Peter Arshinov first met and befriended Nestor Makhno in prison in 1911, a friendship that continued after their release following the February Revolution in 1917. In 1919 Arshinov became Makhno’s secretary, and remained with the Makhnovists until 1921. The following year, 1922, he escaped into exile in Berlin where he published the Russian edition of the Makhno story. Arshinov’s history of the Makhnovists is one of the most important primary sources on the life of the Ukrainian anarchist guerrilla leader.

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Arshinov’s book mainly consists of a blow-by-blow account of the movement along with some consideration of nationalism and anti-semitism, and short biographies of some of the main Makhnovists. It’s an easy non-academic read. However the book is an almost exclusively military account of the movement. Arshinov makes no apologies for this. Of necessity the Makhnovists spent most of their time in military engagements. Over the three years 1918-1921 they had to fight the forces of the Hetman, White Generals Denikin and Wrangel, nationalists like Petliura and Grigor’ev and, of course, the Bolsheviks.

Makhno and his commanders won against odds of 30:1 and more on occasion. One example was on September 25th 1919 at the village of Peregonovka when the Makhnovists after retreating 400 miles found themselves surrounded by Denikin’s army. They succeeded in turning Denikin flank with a tiny force of cavalry and in the ensuing panic Denikin’s army were routed. This action probably saved Petrograd from the Whites and was one of the most massive defeats inflicted on them.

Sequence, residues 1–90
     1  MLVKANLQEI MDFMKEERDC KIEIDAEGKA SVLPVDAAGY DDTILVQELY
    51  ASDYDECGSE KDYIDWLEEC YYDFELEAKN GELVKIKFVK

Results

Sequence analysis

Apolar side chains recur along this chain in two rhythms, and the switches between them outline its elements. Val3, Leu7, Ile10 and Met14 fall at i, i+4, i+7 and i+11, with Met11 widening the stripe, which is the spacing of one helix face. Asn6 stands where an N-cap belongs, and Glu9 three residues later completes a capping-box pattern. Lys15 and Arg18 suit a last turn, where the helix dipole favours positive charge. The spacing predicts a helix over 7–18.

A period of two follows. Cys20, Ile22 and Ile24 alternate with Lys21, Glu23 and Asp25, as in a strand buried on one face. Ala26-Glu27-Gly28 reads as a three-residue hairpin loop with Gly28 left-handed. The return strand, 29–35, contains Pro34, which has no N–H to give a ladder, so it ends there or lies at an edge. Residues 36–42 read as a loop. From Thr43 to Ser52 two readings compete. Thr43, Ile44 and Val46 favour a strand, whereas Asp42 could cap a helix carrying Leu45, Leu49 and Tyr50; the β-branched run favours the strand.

Of course Makhno’s military skill, his use of cavalry and mounted infantry to cover huge distances, isn’t directly of relevance to us. What is of interest is how the Makhnovists could fight and win as a revolutionary army with deep roots among the Ukrainian peasants and workers. The insurgent army was an entirely democratic military formation. It’s recruits were volunteers drawn from peasants and workers. It elected it’s officers and codes of discipline were worked out democratically. Officers could be, and were, recalled by their troops if they acted undemocratically.

Wherever they appeared they were welcomed by the local population who supplied food and lodging as well as information about about enemy forces. The Bolsheviks and Whites were forced to rely on massive campaigns of terror against the peasantry, with thousands being killed and imprisoned.

The speed at which areas changed hands in the Ukraine made it virtually impossible for them to do engage in widescale constructive activity to further the social revolution. “It seemed as though a giant grate composed of bayonets shuttled back and forth across the region , from North to South and back again, wiping out all traces of creative social construction”. This excellent metaphor of Arshinov’s sums up the difficulty. However, unlike the Bolsheviks, the Makhnovists did not use the war as an excuse for generalised repression and counter-revolution. On the contrary they used every opportunity to drive the revolution forward.